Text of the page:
How To Give A Proper Corporate Apology
Not like Oxfam. Whose reputation with key stakeholders and the wider public has been shredded.
When Oxfam’s chief executive, Mark Goldring, ended up telling the Guardian that criticism of the charity was “out of proportion to the level of culpability” and that no one had “murdered babies in their cots”, he revealed he didn’t viscerally accept or understand the audience outrage – “Hey people, it’s really not that serious; no-one died; we’re on top of it now; jog-on”.
Bad enough. But had he missed the public and media context of his crisis – the current Weinstein/ #MeToo agenda? Remember that your crisis may be a proxy or consequence of a wider issue.
And tell it all, tell it quickly. If your first crisis statement turns out to be untrue, then it calls into question the honesty of all your communication. The Charity Commission and DfID denied that, as Oxfam claimed in their statement, they had been fully informed by the charity of what had gone on at the time.
The oxygen of a crisis is further revelation and Oxfam was unprepared. New stories emerged about similar staff behaviour in other countries and about Oxfam facilitating the re-employment of perpetrators in the aid sector. Each new revelation pushed Oxfam deeper into crisis and further onto the back foot until they were eventually defending against allegations of a cover-up. Pity the Communications team.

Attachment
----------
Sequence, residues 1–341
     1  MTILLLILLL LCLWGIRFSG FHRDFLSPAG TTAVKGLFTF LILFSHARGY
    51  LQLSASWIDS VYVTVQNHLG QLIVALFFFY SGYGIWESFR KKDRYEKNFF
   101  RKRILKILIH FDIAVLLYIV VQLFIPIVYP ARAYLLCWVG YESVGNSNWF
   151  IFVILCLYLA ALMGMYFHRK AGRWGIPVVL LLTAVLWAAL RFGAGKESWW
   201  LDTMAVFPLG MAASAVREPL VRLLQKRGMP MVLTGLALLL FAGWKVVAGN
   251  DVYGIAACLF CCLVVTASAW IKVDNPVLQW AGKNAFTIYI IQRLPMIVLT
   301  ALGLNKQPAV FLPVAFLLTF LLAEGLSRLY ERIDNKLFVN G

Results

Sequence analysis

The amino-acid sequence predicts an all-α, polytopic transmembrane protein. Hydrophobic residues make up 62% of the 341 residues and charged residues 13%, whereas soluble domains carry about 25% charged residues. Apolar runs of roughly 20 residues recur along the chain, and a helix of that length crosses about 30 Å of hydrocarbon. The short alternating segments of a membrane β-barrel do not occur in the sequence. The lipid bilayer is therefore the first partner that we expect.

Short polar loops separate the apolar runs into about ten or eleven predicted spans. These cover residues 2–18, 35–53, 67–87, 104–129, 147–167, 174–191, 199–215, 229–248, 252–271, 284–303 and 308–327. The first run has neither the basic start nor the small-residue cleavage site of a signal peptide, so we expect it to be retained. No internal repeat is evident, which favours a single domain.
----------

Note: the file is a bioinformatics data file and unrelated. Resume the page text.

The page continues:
So how do you apologise without looking as though you’re just paying lipservice?
It is important to recognise that sometimes things go wrong – your organisation is, after all, comprised of fallible human beings. Or your organisation could be the victim of someone else’s misdeed.
Whilst it has become very fashionable to apologise, how can you do so and sound like you really mean it? Because – too often – apologies, whether from a corporate or an individual, fail to strike the right note.
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